When it comes to freezing, water droplets suspended in the atmosphere don’t behave in the same way as a glass of water does down here on the ground. We are used to thinking of water freezing at 0°C / 32°F, but droplets up in a cloud rarely freeze until temperatures are much, much lower than that. The water molecules just behave differently when the water is very pure and is in the shape of minuscule suspended spheres. It’s not uncommon for the droplets in a cloud to be as cold as -20°C / -4°F and still resolutely refuse to freeze into ice crystals. Any cloud with ‘supercooled’ droplets like these is a perfect one to exhibit the formation known as a ’fallstreak hole’.
More officially called a ‘cavum’, this formation looks like an enormous cookie cutter has been taken to the sky. The large holes are either round or elongated into more of a cigar shape and they most typically occur in the mid- and high-level clouds Altocumulus and Cirrocumulus. When these consist of supercooled droplets, fallstreak holes appear when the droplets in one region of the cloud start to freeze, which sets off a chain reaction that spreads outwards. The developing ice crystals quickly grow in size, and they splinter as they do so, breaking into tiny shards of ice that act as more ‘seeds’ onto which the surrounding supercooled droplets freeze too. Once there are crystals of ice to get them started supercooled droplets have no hesitation in starting to freeze. As a result, a chain reaction develops and the freezing process gradually spreads outwards. The ice crystals tend to grow large enough to fall below, appearing as a graceful streak and leaving behind an ever-expanding hole in the cloud layer above.
What starts the process that leads to these cookie-cutter clouds? What causes a layer of supercooled droplets to start freezing in one particular region – or two, in the case of this example spotted over Half Moon Bay, California, US by Lincoln Allen (Member 45,136)? While the freezing can be set off naturally by some ice crystals falling down into the layer from a Cirrus cloud above, the far more common trigger for fallstreak holes is aircraft climbing or descending through the cloud layer. It is why fallstreak holes are most commonly spotted in the general region of airports. When conditions in the cloud are just right, the drop in air pressure within the turbulence around the aircraft’s wings further cools the supercooled droplets just enough finally to start the freezing process. Once it is underway, the chain reaction begins and the hole starts spreading. Whatever gets it started, a fallstreak hole can grow over the process of a couple of hours to more than 30 miles / 50 km across. Someone up there is eating some very big cloud cookies.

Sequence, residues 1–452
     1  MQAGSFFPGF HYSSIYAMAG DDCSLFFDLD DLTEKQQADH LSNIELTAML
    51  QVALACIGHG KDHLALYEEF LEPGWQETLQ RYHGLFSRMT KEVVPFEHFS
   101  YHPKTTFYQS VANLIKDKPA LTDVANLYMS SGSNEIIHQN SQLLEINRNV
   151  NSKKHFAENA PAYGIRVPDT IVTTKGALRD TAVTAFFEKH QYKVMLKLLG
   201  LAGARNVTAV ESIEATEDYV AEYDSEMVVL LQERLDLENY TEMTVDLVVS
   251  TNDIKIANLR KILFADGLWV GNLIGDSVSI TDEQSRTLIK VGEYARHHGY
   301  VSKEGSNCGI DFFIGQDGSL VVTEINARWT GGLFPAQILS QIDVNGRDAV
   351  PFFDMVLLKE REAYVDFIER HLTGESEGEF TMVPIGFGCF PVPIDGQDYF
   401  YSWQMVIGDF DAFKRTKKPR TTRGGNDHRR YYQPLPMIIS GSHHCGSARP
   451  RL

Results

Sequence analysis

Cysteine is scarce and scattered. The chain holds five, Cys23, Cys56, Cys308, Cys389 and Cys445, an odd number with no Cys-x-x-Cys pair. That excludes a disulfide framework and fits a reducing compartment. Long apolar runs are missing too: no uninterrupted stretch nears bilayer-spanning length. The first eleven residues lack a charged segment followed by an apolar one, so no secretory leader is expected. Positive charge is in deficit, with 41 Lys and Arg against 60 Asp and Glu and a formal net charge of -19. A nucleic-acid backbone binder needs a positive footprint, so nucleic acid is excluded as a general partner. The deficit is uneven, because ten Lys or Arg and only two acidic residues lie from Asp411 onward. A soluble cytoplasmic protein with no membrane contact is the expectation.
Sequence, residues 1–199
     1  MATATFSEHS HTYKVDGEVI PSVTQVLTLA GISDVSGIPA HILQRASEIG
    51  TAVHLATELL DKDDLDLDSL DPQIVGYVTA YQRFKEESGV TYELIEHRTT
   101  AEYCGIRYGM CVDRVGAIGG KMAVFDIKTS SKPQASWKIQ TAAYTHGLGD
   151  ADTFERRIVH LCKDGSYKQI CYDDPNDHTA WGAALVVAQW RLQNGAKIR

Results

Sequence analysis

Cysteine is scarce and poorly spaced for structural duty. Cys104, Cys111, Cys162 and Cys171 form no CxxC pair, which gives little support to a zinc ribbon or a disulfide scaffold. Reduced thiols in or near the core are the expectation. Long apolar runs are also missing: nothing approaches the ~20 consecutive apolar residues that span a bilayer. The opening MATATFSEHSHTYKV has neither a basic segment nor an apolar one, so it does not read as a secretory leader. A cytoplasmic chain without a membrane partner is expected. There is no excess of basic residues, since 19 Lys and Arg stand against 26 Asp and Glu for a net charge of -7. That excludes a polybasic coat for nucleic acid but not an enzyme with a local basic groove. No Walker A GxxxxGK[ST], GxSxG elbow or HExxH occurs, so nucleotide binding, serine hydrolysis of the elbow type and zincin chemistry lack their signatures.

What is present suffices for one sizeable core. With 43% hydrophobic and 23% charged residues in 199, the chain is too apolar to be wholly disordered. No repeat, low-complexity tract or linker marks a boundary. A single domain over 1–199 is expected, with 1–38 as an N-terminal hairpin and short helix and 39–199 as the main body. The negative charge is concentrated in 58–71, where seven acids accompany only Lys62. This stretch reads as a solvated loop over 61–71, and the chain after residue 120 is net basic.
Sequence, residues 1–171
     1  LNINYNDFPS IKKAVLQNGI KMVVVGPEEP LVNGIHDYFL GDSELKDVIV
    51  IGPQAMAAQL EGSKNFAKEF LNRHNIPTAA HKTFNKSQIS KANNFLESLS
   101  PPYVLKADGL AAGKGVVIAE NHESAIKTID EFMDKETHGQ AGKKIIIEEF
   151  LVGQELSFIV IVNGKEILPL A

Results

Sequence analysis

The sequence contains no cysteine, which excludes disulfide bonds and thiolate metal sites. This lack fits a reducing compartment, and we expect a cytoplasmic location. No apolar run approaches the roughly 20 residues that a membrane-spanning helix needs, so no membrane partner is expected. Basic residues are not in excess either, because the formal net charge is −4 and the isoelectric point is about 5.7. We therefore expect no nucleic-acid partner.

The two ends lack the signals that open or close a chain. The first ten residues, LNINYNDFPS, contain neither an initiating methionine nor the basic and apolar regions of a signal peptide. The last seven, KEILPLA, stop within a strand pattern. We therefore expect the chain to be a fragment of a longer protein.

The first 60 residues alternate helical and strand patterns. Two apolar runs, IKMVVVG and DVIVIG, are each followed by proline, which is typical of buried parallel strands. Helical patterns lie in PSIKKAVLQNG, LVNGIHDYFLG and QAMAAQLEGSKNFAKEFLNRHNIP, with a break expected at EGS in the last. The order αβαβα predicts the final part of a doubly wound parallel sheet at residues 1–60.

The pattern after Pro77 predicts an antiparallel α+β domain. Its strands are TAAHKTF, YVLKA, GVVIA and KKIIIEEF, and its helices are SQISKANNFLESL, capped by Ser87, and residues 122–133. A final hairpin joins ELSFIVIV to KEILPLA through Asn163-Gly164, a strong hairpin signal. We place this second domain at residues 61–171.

Altocumulus stratiformis showing cavum formations, also known as fallstreak holes, spotted over Half Moon Bay, California, US by Lincoln Allen (Member 45,136).